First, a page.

James Arthur posted the lead, here's the thread.
Newsgroups: sci.electronics.design From: firstname.lastname@example.org (Tom Bruhns) Date: 3 Jan 2003 15:46:02 -0800 Local: Fri, Jan 3 2003 6:46 pm Subject: Low leakage parts
Some of you may recall some postings I've made over the past couple of years about the self-discharge rate of polyester and polypropylene caps. The time constants I saw were on the order of a few years for the polyester and over 50 years for the polyprops.
A month or so ago, someone asked about making a simple toggle circuit for turning 12V lights on and off, and I posted a couple solutions. One of them was a "this is really simple, but it probably won't work very well" circuit using just a capacitor to hold the voltage on the gate of a power mosfet. Well, I built that ckt, using an 0.01uF cap across the gate-source, and toggled it "on", so the cap was charged to about 12V. Then I disconnected the power and went on a holiday trip. Just came back, and it's still in the "on" state, three weeks later. Sooo...I'd say that modern power mosfets also have pretty low gate leakage current. To hold the voltage above the nom. 3V required to turn the mosfet on, the average leakage must have been less than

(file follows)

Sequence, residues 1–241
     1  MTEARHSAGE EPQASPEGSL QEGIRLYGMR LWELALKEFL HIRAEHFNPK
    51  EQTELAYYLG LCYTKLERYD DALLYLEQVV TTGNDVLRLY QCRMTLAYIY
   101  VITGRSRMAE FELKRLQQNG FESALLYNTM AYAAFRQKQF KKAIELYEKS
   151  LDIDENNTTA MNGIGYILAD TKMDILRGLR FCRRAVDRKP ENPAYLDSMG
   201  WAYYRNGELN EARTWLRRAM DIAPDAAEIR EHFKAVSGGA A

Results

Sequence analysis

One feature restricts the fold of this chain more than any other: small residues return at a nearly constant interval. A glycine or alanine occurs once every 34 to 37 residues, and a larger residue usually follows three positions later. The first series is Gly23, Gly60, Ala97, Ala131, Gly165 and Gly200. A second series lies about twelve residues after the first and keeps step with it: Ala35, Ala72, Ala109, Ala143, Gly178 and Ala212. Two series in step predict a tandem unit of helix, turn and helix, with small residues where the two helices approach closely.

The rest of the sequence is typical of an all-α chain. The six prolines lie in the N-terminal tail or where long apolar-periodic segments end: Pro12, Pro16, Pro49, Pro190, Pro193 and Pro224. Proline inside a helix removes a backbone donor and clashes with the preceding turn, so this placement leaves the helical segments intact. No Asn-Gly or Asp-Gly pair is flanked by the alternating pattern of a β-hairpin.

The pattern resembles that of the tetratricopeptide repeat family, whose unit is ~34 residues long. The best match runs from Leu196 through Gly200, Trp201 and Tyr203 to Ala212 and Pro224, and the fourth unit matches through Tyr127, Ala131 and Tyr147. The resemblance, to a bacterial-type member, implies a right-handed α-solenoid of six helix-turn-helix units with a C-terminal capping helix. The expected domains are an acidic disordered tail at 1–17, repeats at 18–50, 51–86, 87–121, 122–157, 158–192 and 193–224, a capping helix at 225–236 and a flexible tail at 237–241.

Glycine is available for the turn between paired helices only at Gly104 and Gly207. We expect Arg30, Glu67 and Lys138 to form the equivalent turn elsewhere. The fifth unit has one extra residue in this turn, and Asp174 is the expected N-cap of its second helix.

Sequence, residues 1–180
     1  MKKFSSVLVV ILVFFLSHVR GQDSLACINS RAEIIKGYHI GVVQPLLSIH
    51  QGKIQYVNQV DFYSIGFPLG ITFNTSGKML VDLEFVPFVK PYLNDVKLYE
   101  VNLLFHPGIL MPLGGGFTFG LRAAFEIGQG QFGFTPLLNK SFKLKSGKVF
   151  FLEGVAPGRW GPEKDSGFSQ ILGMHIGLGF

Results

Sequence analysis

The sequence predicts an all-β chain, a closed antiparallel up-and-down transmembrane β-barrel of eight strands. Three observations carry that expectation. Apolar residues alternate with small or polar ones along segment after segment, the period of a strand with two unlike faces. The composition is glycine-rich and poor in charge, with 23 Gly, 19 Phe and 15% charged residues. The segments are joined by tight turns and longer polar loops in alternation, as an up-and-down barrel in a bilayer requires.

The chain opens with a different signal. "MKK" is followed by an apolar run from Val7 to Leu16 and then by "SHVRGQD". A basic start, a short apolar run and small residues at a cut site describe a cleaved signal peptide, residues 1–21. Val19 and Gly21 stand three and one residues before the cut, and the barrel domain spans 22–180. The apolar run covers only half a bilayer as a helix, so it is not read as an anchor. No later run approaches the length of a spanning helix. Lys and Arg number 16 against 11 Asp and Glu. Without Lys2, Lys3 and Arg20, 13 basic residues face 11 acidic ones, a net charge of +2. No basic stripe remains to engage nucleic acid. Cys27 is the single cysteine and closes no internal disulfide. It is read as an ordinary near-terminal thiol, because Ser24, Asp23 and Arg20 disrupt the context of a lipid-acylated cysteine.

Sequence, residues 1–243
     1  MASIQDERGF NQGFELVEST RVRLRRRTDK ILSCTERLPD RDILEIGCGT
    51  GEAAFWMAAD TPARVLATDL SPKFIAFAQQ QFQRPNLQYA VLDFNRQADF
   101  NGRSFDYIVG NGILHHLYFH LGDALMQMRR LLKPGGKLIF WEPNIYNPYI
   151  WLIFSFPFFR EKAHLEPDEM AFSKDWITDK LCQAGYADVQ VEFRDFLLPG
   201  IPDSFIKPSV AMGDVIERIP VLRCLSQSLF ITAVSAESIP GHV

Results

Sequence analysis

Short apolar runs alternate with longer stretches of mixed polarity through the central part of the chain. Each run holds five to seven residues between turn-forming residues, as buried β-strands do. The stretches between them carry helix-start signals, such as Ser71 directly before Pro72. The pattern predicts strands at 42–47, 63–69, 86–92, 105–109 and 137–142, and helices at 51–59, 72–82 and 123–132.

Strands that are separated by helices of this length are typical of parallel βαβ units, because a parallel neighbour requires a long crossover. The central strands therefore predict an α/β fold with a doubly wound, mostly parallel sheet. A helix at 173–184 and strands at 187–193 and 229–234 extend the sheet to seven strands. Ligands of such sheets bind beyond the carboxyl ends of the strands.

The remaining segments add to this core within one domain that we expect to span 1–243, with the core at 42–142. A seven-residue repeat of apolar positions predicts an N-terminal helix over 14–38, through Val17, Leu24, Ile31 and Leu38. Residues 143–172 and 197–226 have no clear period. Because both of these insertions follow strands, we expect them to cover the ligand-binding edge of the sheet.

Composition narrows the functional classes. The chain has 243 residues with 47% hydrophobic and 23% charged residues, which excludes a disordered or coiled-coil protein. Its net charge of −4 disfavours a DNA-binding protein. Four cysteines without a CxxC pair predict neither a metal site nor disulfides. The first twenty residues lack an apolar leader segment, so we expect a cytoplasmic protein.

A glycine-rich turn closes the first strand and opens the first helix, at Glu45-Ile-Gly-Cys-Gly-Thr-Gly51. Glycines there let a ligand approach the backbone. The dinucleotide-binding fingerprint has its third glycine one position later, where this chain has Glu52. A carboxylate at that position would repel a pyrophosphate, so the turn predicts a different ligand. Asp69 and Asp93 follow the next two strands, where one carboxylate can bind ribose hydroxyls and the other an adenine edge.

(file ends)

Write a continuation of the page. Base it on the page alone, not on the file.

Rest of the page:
50fA, assuming 21 days, 0.01uF and 9V delta (and no arithmetic errors). (It was cool, about 18C, and likely wouldn't do quite so well inside a car with the windows rolled up in Phoenix in the summer...)